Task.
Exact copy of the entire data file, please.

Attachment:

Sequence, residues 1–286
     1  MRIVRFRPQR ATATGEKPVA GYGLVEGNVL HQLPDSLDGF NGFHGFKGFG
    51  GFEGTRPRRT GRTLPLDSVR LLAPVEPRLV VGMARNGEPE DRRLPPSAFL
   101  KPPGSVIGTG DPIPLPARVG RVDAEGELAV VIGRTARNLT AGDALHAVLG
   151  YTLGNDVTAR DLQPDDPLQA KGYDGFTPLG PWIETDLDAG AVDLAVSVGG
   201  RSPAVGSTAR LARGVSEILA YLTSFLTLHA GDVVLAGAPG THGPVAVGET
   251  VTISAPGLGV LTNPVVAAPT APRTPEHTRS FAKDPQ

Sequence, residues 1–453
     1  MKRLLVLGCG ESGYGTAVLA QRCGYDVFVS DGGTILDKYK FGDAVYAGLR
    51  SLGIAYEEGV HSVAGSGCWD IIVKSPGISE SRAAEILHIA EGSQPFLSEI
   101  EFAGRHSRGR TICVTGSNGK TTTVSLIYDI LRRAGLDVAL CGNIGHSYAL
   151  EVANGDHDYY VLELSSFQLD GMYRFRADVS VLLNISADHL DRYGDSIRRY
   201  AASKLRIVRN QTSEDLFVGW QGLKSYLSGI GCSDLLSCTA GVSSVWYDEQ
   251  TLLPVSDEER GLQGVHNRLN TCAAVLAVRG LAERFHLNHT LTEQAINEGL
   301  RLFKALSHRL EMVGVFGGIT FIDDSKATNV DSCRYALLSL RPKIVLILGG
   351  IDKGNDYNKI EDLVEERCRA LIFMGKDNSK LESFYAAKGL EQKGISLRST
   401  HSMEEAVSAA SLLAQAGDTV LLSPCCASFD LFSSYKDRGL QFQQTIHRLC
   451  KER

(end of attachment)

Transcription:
Sequence, residues 1–286
     1  MRIVRFRPQR ATATGEKPVA GYGLVEGNVL HQLPDSLDGF NGFHGFKGFG
    51  GFEGTRPRRT GRTLPLDSVR LLAPVEPRLV VGMARNGEPE DRRLPPSAFL
   101  KPPGSVIGTG DPIPLPARVG RVDAEGELAV VIGRTARNLT AGDALHAVLG
   151  YTLGNDVTAR DLQPDDPLQA KGYDGFTPLG PWIETDLDAG AVDLAVSVGG
   201  RSPAVGSTAR LARGVSEILA YLTSFLTLHA GDVVLAGAPG THGPVAVGET
   251  VTISAPGLGV LTNPVVAAPT APRTPEHTRS FAKDPQ

Sequence, residues 1–453
     1  MKRLLVLGCG ESGYGTAVLA QRCGYDVFVS DGGTILDKYK FGDAVYAGLR
    51  SLGIAYEEGV HSVAGSGCWD IIVKSPGISE SRAAEILHIA EGSQPFLSEI
   101  EFAGRHSRGR TICVTGSNGK TTTVSLIYDI LRRAGLDVAL CGNIGHSYAL
   151  EVANGDHDYY VLELSSFQLD GMYRFRADVS VLLNISADHL DRYGDSIRRY
   201  AASKLRIVRN QTSEDLFVGW QGLKSYLSGI GCSDLLSCTA GVSSVWYDEQ
   251  TLLPVSDEER GLQGVHNRLN TCAAVLAVRG LAERFHLNHT LTEQAINEGL
   301  RLFKALSHRL EMVGVFGGIT FIDDSKATNV DSCRYALLSL RPKIVLILGG
   351  IDKGNDYNKI EDLVEERCRA LIFMGKDNSK LESFYAAKGL EQKGISLRST
   401  HSMEEAVSAA SLLAQAGDTV LLSPCCASFD LFSSYKDRGL QFQQTIHRLC
   451  KER